Wavefront-guided LASIK is a promising new technology that provides an advanced method for measuring optical distortions in the eye. Measuring and treating these distortions goes beyond nearsighted, farsighted, and astigmatism determinations that have been used for centuries. As a result, physicians can now customize the LASIK procedure according to each individual patient’s unique vision correction needs. The treatment is unique to each eye, just as a fingerprint is unique. Wavefront systems work by measuring how light is distorted as it passes into the eye and then is reflected back. This creates an optical map of the eye, highlighting individual imperfections.
Wavefront technology functions as a roadmap for LASIK surgery, providing benefits to the patient during both the evaluation and treatment process.
– During the patient evaluation process, wavefront provides the physician comprehensive individual diagnostic information, not available using earlier technologies. Thus, before surgery even begins, the surgeon is better able to determine the appropriate course of treatment.
– During treatment, wavefront allows the surgeon to tailor the laser beam settings, making the surgical procedure itself more precise. In this way, wavefront technology offers the patients sharper, crisper, better quality vision, as well as a reduction in nighttime vision difficulties, such as halos and glare.
Wavefront technology is an adjunct tool used to enhance an already safe and effective procedure. As the most common form of vision correction surgery, LASIK has already benefited millions of patients. The increased safety and the improved quality of vision benefits of customized procedures are an important technological advancement for patients and physicians alike.
How Wavefront Works
The wavefront aberrometer Light can be thought of as traveling in a series of flat sheets, known as wavefronts. To clarify the confusion about light traveling as waves instead of rays, waves are just perpendicular to light rays. These light waves are wrinkled or distorted as they pass through imperfections in the eye. These errors can be displayed on a color map of the wavefront image, which is the tool that is used to diagnose, and then determine corrections, for abberrations in the eye.
There are several ways of analyzing the optical system of the eye using wavefront technology. The most common, the Hartmann-Shack wavefront sensing method, deals with light waves as they exit the eye. In this system, the surgeon or other professional shines a small, low-intensity laser into the eye, and the patient focuses on the light. As that light scatters off of the retina (the rear-most portion of the eye) it passes through the lens, the rear surface of the cornea (the clear, crystalline front part of the eye) and the front surface of the cornea. Thus, the emerging waves of light are distorted by the imperfections in the total visual system of the eye. After leaving the eye, the light passes through an array of many small lenses in the sensing device (called an aberrometer), and is focused into spots, which are recorded by a special camera. The deviation of the spots from their ideal location provides information about focusing imperfections in the visual system.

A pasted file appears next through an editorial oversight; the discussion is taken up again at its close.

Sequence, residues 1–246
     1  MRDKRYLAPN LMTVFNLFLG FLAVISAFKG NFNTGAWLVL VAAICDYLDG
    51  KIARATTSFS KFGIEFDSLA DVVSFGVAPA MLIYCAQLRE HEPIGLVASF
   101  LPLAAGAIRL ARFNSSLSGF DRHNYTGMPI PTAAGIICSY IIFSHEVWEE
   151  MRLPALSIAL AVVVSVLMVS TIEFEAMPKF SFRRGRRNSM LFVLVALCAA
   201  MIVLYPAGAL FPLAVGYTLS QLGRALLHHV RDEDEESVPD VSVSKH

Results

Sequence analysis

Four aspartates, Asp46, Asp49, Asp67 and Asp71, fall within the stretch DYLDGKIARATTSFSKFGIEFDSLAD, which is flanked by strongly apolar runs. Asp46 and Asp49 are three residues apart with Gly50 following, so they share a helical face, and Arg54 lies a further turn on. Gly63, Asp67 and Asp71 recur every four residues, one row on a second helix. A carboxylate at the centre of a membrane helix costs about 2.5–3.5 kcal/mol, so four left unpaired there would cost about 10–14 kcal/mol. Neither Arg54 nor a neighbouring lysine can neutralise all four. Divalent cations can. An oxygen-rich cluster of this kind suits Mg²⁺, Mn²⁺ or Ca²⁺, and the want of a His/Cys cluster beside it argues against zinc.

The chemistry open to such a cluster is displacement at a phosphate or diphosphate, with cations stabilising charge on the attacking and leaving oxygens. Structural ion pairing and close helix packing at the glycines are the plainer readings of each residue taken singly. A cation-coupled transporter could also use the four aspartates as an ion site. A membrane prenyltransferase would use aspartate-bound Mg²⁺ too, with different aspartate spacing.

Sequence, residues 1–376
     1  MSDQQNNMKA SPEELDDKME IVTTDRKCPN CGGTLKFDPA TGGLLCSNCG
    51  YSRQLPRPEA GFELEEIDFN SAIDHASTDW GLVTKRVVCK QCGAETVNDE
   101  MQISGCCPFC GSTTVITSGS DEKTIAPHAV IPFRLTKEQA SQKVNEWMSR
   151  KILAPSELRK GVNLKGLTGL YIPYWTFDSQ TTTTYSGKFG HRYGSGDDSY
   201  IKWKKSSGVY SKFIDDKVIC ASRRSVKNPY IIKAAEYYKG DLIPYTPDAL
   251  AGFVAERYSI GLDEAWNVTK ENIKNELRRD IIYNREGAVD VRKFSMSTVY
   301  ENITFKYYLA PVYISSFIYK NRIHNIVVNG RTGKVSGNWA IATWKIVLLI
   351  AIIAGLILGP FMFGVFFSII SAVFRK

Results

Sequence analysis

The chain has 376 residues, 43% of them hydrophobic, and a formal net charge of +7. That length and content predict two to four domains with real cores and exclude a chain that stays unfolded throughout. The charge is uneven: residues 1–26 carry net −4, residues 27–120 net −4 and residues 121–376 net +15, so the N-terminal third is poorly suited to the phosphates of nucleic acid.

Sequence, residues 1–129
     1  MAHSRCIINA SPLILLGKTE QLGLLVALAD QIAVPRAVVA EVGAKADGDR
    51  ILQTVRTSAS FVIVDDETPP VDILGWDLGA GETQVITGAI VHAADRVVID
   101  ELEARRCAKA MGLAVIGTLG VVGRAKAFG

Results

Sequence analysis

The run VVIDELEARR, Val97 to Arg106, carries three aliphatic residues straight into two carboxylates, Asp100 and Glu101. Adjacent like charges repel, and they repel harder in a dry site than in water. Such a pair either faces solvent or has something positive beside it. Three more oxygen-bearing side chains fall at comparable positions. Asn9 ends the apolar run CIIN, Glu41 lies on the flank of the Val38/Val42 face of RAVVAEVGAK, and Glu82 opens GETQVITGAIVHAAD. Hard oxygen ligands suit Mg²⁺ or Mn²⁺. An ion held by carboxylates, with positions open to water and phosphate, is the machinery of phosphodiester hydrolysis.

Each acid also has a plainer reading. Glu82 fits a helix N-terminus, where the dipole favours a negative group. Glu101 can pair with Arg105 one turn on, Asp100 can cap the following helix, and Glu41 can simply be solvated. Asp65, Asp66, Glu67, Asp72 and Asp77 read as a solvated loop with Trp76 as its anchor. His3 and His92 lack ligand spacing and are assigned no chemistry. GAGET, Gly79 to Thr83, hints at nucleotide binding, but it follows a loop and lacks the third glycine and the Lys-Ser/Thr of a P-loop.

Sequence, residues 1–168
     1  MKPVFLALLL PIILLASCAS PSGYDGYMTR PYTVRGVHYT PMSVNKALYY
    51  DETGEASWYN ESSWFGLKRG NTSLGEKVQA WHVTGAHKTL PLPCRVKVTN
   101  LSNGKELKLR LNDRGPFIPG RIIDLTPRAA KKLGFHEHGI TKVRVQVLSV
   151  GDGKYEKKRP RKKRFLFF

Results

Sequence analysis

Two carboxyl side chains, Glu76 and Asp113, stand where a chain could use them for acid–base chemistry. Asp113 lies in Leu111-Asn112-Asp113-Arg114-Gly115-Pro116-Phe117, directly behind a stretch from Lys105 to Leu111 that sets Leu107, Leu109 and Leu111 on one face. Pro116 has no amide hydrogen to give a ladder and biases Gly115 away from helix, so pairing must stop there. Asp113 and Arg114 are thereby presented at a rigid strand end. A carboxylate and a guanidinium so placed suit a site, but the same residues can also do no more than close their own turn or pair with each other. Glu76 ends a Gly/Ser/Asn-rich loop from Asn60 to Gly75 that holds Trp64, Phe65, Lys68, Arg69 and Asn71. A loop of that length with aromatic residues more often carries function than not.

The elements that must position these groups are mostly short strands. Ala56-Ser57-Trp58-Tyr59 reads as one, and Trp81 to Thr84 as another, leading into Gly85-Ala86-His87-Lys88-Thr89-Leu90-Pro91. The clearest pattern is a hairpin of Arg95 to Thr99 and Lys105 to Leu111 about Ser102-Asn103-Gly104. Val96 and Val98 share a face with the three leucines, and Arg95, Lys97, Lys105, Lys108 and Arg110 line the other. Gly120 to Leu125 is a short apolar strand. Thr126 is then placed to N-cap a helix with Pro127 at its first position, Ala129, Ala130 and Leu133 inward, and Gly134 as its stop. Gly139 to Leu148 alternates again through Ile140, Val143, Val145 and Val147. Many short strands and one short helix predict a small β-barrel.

For purposes of this discussion, there are two categories of visual errors or “aberrations:” second-order and higher-order.
Conventional forms of optical correction have been limited to measuring the best spherical and cylindrical visual errors (second-order aberrations), which result in myopia (shortsightedness) or hyperopia (farsightedness) and regular astigmatism (blurriness), and prescribing shperocylindrical lenses in the form of spectacles, contact lenses, and conventional refractive (LASIK) surgery to correct them. Correcting second-order aberrations has the highest impact on acuity, which is the eye’s ability to distinguish object details and shape. At the same time that conventional refractive surgery corrects major, second-order spherical errors, in many cases, it also induces some degree of minor spherical aberrations.
However, about 17 percent of optical errors are higher-order aberrations. If these are minimized, image contrast and special detail are increased. Minimizing higher-order aberrations with wavefront technology by reducing the naturally occurring ones is achievable and may be particularly beneficial to individuals with unusually large amounts of higher-order aberrations.
Wavefront-Guided Treatment in India
The goal of wavefront-guided laser treatment is to make corrections in the surface of the cornea that compensate for errors in the total visual system. Thus, the amount of wrinkle or error in the wavefront reflected from the back of the eye, as compared to the reference wavefront that was projected into it, defines the compensating optical correction. If the wavefront is retarded in relation to the reference wavefront, the laser must remove more tissue from the part of cornea related to that pattern. If the wavefront is advanced (in front of the referenced wavefront), the laser must remove less tissue. It should be noted that wavefront treatment does induce some minor second-order spherical errors, but to a significantly lesser extent than conventional refractive surgery.
In this way, a wavefront-guided treatment is customized to the characteristics of each eye and intended to minimize higher-order aberrations so that the greatest quality of vision can be achieved.
Wavefront technology is relatively new to the United States. The U.S. Food and Drug Administration (FDA) issued its first approval of a wavefront system in August 2002, and other major US laser manufacturers are expected to receive their approvals in 2003. As the FDA approves systems and they become widely available, patients will have greater access to wavefront technology and treatment.